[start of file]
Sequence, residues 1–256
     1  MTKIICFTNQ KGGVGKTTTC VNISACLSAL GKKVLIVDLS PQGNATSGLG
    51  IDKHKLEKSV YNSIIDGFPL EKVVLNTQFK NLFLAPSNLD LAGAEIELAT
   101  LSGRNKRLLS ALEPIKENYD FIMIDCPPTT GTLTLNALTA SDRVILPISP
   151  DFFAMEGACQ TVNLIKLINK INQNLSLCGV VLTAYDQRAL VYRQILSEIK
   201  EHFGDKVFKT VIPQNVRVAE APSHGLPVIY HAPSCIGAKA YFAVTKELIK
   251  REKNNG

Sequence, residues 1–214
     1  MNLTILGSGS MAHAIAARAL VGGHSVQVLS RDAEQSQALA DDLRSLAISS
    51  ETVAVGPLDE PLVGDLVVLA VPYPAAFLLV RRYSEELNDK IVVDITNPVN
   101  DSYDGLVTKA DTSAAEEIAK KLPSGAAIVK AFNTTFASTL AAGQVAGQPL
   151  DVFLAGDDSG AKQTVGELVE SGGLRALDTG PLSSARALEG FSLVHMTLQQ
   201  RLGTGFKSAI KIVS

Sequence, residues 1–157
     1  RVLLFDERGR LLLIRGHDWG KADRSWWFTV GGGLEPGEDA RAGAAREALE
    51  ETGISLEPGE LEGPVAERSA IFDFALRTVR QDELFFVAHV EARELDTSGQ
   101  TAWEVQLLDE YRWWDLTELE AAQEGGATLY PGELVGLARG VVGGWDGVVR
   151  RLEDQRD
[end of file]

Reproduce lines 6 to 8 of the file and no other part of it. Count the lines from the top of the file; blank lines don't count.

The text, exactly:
   201  EHFGDKVFKT VIPQNVRVAE APSHGLPVIY HAPSCIGAKA YFAVTKELIK
   251  REKNNG

Sequence, residues 1–214